The All-Russian Communist Party (Bolshevik), later known as the Communist Party of the Soviet Union, having just won its revolution, was obsessed with ambition for China. In 1920, the Soviet Union established the Far Eastern Bureau, a branch of the Third Communist International, or the Comintern.

It was responsible for the establishment of a Communist Party in China and other countries. Sumiltsky was the head of the bureau, and Grigori Voitinsky was a deputy manager.

They began to prepare for the establishment of the CCP with Chen Duxiao and others. The proposal they submitted to the Far Eastern Bureau in June 1921 to establish a China branch of the Comintern indicated that the CCP was a branch led by the Comintern. On July 23, 1921, under the help of Nikolsky and Maring from the Far East Bureau, the CCP was officially formed.

The Communist movement was then introduced to China as an experiment, and the CCP has set itself above all, conquering all in its path, thereby bringing endless catastrophe to China.

I. The CCP Grew by Steadily Accumulating Wickedness

It is not an easy task to introduce a foreign and evil specter such as the Communist Party, one that is totally incompatible with the Chinese tradition, into China, a country with a history of 5,000 years of civilization. The CCP deceived the populace and the patriotic intellectuals who wanted to serve the country with the promise of the “communist utopia.”

It further distorted the theory of communism, which had already been seriously distorted by Lenin, to provide a theoretical basis for destroying all traditional morals and principles. In addition, the CCP’s distorted theory of communism was used to destroy all that was disadvantageous to the CCP’s rule and to eliminate all social classes and people that might pose threats to its control.

The CCP adopted the Industrial Revolution’s destruction of belief as well as the more complete atheism of communism. The CCP inherited communism’s denial of private ownership and imported Lenin’s theory of violent revolution. At the same time, the CCP inherited and further strengthened the worst parts of the Chinese monarchy.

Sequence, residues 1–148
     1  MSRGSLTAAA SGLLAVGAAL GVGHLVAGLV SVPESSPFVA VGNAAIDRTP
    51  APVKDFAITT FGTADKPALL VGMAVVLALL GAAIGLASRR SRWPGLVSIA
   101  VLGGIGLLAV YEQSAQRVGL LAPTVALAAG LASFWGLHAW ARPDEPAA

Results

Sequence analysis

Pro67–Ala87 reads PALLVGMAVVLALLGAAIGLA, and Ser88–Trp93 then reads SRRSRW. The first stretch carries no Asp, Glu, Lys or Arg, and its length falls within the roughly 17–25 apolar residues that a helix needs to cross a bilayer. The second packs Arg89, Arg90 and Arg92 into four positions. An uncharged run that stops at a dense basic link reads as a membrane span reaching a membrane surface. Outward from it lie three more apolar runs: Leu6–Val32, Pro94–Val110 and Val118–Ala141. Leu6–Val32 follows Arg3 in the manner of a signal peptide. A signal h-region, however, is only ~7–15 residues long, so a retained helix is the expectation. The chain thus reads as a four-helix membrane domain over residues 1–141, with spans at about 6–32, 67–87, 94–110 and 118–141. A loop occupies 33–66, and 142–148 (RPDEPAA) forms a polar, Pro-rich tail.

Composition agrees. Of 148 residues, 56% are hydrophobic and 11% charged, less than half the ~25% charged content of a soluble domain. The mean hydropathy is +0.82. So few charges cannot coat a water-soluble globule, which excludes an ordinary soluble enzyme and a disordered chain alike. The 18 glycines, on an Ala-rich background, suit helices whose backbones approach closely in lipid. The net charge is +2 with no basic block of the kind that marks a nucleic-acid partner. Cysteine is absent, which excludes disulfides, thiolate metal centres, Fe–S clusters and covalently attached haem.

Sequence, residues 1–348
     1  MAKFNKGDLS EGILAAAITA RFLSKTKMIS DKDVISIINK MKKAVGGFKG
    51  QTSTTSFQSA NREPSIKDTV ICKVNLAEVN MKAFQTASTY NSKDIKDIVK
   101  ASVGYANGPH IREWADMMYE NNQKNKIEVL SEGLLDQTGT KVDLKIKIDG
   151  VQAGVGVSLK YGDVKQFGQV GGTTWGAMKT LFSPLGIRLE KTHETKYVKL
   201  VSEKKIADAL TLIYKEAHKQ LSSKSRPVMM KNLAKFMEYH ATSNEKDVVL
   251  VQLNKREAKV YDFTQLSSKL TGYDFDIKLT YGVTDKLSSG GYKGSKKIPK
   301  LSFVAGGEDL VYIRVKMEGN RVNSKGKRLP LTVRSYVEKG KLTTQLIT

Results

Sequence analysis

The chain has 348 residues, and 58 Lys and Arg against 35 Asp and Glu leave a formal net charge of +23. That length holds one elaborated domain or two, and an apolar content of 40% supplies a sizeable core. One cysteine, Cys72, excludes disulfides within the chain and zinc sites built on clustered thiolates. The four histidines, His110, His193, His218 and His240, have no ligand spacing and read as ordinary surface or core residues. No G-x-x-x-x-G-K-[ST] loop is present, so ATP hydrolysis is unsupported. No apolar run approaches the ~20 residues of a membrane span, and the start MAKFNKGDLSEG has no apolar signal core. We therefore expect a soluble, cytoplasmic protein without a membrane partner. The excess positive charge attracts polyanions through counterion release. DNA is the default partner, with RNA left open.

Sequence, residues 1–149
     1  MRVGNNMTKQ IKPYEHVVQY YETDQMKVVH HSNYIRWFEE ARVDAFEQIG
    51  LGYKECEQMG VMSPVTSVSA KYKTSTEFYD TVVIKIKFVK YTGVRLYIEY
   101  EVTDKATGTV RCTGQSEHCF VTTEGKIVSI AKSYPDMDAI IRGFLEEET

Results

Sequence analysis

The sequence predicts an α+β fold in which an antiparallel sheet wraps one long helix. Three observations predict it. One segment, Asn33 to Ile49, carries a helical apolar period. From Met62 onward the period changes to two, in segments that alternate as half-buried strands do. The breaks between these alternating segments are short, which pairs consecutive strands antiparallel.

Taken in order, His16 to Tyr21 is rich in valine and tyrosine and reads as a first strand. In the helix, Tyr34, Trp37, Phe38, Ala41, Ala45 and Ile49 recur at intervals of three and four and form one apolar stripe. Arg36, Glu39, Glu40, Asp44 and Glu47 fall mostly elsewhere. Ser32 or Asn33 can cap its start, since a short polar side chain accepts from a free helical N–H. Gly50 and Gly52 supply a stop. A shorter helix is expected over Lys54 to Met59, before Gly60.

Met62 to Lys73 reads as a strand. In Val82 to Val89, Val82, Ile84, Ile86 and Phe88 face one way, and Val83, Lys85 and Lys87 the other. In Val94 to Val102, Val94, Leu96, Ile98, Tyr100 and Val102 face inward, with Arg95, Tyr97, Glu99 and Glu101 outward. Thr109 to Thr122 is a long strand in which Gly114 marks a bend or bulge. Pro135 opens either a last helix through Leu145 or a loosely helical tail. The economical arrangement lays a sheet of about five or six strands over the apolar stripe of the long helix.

The history of the CCP is a process of its gradual accumulation of every kind of wickedness, both domestic and foreign. The CCP has perfected its nine inherited traits, giving them “Chinese characteristics”: evil, deceit, incitement, unleashing the scum of society, espionage, robbery, fighting, elimination, and control. Responding to continuous crisis, the CCP has consolidated and strengthened the means and extent to which these malignant characteristics have been playing out.

First Inherited Trait: Evil

Marxism initially attracted the Chinese communists with its declaration to “use violent revolution to destroy the old state apparatus and to establish a dictatorship of the proletariat.” This is precisely the root of evil in Marxism and Leninism.

Marxist materialism is predicated on the narrow economic concepts of forces of production, production relations, and surplus value. During the early, underdeveloped stages of capitalism, Marx made a shortsighted prediction that capitalism would die and the proletariat would win, which has been proven wrong by history and reality.

Marxist-Leninist violent revolution and dictatorship of the proletariat promote power politics and proletarian domination. “The Communist Manifesto” related the Communist Party’s historical and philosophical basis to class conflict and struggle.

The proletariat broke free from traditional morals and social relations for the sake of seizing power. From their first appearance, the doctrines of communism were set in opposition to all tradition.
[Read more in PDF]

YouTube Playlist
Text Source

Submit "Nine Commentaries on the Communist Party (2): On the Beginnings of the CCP" to Digg Submit "Nine Commentaries on the Communist Party (2): On the Beginnings of the CCP" to Submit "Nine Commentaries on the Communist Party (2): On the Beginnings of the CCP" to StumbleUpon Submit "Nine Commentaries on the Communist Party (2): On the Beginnings of the CCP" to Google

Updated 07-30-2020 at 07:26 AM by Ellanjay

Tags: None Add / Edit Tags